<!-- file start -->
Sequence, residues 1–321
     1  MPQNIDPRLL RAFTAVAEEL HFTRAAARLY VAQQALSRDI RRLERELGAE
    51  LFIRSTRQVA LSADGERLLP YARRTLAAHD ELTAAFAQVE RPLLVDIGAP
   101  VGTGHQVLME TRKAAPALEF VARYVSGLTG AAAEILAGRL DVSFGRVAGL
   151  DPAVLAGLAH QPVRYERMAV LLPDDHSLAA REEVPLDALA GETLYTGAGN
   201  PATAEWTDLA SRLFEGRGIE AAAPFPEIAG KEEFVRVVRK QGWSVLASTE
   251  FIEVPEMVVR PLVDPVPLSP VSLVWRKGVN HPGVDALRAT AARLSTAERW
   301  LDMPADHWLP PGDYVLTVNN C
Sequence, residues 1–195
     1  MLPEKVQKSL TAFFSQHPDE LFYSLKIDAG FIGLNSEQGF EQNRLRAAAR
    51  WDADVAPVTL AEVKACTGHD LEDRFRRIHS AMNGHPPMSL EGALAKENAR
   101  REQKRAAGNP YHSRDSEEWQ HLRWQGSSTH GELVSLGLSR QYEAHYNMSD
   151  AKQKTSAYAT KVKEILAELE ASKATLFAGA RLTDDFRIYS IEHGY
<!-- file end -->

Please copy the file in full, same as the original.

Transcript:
Sequence, residues 1–321
     1  MPQNIDPRLL RAFTAVAEEL HFTRAAARLY VAQQALSRDI RRLERELGAE
    51  LFIRSTRQVA LSADGERLLP YARRTLAAHD ELTAAFAQVE RPLLVDIGAP
   101  VGTGHQVLME TRKAAPALEF VARYVSGLTG AAAEILAGRL DVSFGRVAGL
   151  DPAVLAGLAH QPVRYERMAV LLPDDHSLAA REEVPLDALA GETLYTGAGN
   201  PATAEWTDLA SRLFEGRGIE AAAPFPEIAG KEEFVRVVRK QGWSVLASTE
   251  FIEVPEMVVR PLVDPVPLSP VSLVWRKGVN HPGVDALRAT AARLSTAERW
   301  LDMPADHWLP PGDYVLTVNN C
Sequence, residues 1–195
     1  MLPEKVQKSL TAFFSQHPDE LFYSLKIDAG FIGLNSEQGF EQNRLRAAAR
    51  WDADVAPVTL AEVKACTGHD LEDRFRRIHS AMNGHPPMSL EGALAKENAR
   101  REQKRAAGNP YHSRDSEEWQ HLRWQGSSTH GELVSLGLSR QYEAHYNMSD
   151  AKQKTSAYAT KVKEILAELE ASKATLFAGA RLTDDFRIYS IEHGY